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I have two models:

class Sentence < ActiveRecord::Base
  attr_accessible :sentence_id, :authority_name #...

class Rule < ActiveRecord::Base
  attr_accessible :description, :headline, :note, :sentence_id

I would like to know how to create belongs_to :sentence association on Rule which will behave like this pseudo-SQL code:

SELECT * FROM rules 
INNER JOIN sentences ON rules.sentence_id = sentences.sentence_id;


I would like get something like that

rule = Rule.find 797 
# we all know how SQL query will look like...
# => SELECT * FROM sentences 
     INNER JOIN rules ON rules.sentence_id = sentences.sentence_id 
     WHERE rules.id = 797
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Is the catch here that you want to get all the rules that belong to any sentence (i.e., there are some rules where sentence_id is null)? If every rule belongs to a sentence, why doesn't the basic has_many :rules for the Sentence model and belongs_to :sentence for the Rule model accomplish what you want? –  Steve Rowley May 8 '12 at 13:23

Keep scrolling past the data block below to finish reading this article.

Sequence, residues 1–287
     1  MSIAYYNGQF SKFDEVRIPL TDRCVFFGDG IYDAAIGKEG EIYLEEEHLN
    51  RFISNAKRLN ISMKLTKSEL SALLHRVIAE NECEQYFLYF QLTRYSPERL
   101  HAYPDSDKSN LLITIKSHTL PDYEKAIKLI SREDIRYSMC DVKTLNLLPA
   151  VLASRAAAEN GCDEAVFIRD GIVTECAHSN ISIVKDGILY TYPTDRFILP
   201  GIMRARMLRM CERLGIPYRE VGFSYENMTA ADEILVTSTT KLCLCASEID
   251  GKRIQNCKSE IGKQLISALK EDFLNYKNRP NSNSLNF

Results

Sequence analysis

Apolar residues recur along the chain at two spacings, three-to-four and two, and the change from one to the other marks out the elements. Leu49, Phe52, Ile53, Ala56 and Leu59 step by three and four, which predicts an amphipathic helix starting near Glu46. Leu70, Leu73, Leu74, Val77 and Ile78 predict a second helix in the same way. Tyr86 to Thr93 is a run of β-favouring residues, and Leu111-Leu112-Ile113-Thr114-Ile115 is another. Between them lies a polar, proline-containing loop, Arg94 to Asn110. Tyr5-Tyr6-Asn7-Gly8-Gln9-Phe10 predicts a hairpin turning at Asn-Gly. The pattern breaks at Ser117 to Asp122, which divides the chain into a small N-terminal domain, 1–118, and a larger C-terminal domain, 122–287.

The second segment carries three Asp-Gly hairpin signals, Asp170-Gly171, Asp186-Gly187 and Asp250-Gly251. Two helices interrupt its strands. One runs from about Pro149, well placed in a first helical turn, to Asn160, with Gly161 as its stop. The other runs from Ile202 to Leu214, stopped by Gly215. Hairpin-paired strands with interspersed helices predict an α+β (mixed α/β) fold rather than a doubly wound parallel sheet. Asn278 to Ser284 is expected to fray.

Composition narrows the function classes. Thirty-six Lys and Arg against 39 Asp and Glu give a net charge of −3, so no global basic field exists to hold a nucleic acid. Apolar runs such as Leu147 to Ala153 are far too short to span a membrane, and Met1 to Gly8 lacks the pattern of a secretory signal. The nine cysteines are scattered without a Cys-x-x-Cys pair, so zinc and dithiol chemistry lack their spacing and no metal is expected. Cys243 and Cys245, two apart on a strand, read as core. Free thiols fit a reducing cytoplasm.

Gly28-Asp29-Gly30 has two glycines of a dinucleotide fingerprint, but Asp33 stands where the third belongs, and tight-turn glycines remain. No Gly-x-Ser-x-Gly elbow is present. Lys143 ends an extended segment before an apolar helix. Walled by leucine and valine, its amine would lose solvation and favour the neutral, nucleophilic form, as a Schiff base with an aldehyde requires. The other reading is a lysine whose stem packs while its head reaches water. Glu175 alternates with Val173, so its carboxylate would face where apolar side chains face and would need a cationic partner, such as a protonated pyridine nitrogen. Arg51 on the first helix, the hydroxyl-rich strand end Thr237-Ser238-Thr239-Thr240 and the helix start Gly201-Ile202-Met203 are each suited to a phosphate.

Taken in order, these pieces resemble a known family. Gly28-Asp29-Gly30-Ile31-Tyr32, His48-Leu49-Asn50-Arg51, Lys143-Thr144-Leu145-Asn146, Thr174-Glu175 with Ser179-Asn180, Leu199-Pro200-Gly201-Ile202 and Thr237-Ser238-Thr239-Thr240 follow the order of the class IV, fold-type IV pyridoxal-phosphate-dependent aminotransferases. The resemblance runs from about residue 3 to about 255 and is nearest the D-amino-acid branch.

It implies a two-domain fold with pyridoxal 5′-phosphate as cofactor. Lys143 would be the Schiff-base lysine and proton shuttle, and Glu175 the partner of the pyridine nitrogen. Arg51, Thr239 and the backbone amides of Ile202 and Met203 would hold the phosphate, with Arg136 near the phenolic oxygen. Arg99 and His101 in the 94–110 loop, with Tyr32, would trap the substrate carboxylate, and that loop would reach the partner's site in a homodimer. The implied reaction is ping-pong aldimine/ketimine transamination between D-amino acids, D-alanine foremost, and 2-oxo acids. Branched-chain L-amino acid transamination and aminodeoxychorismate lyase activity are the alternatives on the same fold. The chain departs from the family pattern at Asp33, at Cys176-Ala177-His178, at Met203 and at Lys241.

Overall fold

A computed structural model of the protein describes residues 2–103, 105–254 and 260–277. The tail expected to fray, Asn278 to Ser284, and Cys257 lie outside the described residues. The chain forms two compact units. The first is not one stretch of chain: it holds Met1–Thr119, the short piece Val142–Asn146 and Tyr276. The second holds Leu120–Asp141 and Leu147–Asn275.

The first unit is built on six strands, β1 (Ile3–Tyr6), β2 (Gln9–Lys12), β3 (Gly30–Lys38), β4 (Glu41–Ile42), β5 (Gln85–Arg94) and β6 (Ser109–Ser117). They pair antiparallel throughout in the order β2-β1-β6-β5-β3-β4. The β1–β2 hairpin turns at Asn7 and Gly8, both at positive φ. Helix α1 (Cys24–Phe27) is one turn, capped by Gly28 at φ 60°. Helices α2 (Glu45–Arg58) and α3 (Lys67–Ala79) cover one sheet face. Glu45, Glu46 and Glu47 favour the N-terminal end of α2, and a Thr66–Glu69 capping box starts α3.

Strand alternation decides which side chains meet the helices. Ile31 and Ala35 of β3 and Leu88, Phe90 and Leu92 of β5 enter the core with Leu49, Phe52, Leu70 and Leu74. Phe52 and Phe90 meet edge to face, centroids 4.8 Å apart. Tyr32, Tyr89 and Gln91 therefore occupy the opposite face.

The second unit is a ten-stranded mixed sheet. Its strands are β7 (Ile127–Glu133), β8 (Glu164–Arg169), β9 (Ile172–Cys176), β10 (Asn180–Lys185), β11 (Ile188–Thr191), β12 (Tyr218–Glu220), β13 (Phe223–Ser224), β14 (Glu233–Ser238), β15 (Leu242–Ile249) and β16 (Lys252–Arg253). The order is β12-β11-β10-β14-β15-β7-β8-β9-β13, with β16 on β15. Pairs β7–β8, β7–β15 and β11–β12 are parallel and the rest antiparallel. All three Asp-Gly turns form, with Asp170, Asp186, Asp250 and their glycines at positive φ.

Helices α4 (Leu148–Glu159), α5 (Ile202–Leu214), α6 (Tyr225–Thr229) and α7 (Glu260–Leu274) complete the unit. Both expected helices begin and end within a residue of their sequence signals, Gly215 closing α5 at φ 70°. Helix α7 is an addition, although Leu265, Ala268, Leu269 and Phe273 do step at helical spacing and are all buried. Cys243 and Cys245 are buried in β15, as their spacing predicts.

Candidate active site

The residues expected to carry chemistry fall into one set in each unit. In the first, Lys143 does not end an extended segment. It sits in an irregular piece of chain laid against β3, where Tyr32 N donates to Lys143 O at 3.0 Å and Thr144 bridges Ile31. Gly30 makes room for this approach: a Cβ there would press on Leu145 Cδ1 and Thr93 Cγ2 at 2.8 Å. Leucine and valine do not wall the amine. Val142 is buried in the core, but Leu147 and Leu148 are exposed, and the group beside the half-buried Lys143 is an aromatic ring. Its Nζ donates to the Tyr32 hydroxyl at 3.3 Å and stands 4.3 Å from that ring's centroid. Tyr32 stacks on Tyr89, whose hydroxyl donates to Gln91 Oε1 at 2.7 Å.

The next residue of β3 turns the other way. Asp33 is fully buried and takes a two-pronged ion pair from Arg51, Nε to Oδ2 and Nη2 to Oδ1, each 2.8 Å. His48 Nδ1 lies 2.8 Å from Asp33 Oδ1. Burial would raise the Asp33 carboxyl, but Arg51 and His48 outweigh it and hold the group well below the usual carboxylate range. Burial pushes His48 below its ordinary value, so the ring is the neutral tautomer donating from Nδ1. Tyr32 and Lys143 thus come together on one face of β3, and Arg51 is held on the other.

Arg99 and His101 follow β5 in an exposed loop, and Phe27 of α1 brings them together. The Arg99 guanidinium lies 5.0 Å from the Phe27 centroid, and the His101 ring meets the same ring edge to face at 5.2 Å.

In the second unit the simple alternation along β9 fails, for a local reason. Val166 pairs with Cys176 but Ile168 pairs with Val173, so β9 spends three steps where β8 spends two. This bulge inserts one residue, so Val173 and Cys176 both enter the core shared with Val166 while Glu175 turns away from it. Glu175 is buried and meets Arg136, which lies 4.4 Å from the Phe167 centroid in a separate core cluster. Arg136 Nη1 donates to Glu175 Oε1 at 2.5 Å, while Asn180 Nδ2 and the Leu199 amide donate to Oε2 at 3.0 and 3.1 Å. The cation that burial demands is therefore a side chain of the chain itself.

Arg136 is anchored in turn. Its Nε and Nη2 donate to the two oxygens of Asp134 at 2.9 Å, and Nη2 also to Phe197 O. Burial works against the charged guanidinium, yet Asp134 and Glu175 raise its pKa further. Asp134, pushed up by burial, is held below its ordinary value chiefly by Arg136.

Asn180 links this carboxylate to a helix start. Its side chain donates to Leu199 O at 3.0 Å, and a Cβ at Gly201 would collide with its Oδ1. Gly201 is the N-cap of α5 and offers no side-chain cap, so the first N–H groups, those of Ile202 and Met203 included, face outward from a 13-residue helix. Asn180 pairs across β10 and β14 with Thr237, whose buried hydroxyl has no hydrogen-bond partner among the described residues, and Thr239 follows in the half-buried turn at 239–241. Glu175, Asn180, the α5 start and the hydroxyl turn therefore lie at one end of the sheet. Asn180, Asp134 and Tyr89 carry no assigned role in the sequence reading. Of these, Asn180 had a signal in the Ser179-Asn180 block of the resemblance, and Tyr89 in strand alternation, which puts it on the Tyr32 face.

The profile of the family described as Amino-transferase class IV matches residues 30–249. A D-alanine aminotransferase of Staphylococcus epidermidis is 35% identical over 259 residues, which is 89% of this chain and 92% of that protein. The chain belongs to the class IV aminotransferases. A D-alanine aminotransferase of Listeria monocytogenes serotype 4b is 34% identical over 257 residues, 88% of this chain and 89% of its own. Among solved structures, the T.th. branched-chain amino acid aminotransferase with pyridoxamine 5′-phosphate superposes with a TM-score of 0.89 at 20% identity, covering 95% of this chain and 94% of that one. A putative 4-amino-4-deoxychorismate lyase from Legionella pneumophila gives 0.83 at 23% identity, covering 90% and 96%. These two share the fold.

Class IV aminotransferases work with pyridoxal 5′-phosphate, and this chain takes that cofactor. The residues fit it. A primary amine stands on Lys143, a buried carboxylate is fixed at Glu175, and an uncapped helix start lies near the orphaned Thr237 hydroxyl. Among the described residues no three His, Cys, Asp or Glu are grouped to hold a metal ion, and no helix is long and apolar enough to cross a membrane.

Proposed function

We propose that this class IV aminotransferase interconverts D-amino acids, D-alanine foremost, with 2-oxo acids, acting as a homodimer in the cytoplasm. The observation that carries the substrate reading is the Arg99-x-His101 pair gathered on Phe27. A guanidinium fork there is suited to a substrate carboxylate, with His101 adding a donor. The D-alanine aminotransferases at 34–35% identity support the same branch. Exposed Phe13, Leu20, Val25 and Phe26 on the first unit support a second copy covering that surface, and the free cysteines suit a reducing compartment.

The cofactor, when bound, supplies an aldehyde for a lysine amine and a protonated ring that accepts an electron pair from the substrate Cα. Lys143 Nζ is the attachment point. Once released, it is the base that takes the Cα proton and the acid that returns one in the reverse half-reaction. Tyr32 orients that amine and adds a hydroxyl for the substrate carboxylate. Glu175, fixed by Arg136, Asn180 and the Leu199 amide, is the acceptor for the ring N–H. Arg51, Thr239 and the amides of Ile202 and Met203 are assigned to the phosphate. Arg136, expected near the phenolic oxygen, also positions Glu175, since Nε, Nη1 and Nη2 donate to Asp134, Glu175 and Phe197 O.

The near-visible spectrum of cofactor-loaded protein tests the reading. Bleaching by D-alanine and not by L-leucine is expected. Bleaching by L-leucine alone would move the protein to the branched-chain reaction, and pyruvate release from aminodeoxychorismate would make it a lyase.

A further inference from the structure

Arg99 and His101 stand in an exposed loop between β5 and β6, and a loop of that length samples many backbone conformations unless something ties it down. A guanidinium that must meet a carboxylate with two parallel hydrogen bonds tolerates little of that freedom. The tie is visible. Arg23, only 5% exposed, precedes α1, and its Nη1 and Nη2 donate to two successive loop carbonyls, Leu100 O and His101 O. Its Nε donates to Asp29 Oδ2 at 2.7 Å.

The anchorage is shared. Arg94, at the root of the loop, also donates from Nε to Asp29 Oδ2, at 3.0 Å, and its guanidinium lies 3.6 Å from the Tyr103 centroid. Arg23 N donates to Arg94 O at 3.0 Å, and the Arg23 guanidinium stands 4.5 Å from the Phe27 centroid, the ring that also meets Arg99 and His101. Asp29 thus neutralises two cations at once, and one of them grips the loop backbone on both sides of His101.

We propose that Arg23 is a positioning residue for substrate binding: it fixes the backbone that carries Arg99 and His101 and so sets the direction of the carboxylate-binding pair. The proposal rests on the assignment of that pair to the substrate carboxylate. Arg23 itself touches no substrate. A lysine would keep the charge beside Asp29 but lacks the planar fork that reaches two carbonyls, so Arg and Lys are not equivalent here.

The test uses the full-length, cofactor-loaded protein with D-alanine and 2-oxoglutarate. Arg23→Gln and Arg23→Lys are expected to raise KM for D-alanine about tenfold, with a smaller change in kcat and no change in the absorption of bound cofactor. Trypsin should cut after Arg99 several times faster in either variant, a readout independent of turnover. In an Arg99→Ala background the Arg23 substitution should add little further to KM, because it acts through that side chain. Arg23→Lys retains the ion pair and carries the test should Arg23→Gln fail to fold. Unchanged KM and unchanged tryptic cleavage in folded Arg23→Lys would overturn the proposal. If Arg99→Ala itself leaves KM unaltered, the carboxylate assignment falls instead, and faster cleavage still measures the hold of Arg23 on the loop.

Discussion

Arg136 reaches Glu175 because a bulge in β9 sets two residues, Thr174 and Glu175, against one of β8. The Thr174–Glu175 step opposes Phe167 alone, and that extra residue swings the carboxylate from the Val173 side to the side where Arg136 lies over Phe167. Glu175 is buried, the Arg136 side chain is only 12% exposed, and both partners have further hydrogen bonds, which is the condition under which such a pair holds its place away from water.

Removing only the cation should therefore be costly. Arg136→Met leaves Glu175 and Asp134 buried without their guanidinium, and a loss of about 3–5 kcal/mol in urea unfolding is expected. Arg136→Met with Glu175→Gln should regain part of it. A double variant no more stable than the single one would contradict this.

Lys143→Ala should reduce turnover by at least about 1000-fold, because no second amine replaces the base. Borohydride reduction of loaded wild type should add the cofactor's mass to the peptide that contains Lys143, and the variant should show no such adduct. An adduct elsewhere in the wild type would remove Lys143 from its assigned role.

Added more info to question. :) –  nothing-special-here May 8 '12 at 13:28
Seems to me like that basic association setup would accomplish what you are looking for. What is it about that approach that's lacking? –  Steve Rowley May 8 '12 at 13:39
That approach is lacking settings for foreign_key. When you do basic associations like that belongs_to :sentence you still get JOIN by INNER JOIN sentences ON sentences.id = rules.sentence_id INSTEAD OF INNER JOIN sentences ON sentences.sentence_id = rules.sentence_id. I want last join. Read carefully. :P :D –  nothing-special-here May 8 '12 at 13:58

2 Answers 2

up vote 5 down vote accepted

First off, is sentence_id the primary key of the sentences table?

If so then you just need to explicitly set that column as the primary key.

class Sentence < ActiveRecord::Base
  set_primary_key :sentence_id

class Rule < ActiveRecord::Base
  belongs_to :sentence

If sentence_id is not the primary key, then you need to specify it as the "primary key" of the association. I didn't get a chance to test the code, but it should be like this:

class Rule < ActiveRecord::Base
  belongs_to :sentence, :primary_key => :sentence_id
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Bingo! Works great. Thanks. :D –  nothing-special-here May 8 '12 at 14:23
Also, set_primary_key is being deprecated. Use self.primary_key= 'sentence_id' –  dennismonsewicz Jun 6 '12 at 13:46

In relational database theory, foreign keys ALWAYS go to primary keys. To get active record to generate the SQL you want, set the primary key.

class Sentence < ActiveRecord::Base
  set_primary_key :sentence_id

I think that's what you want, but here's an alternative. To do a custom join, use the joins() method and supply the string that you want in your SQL.

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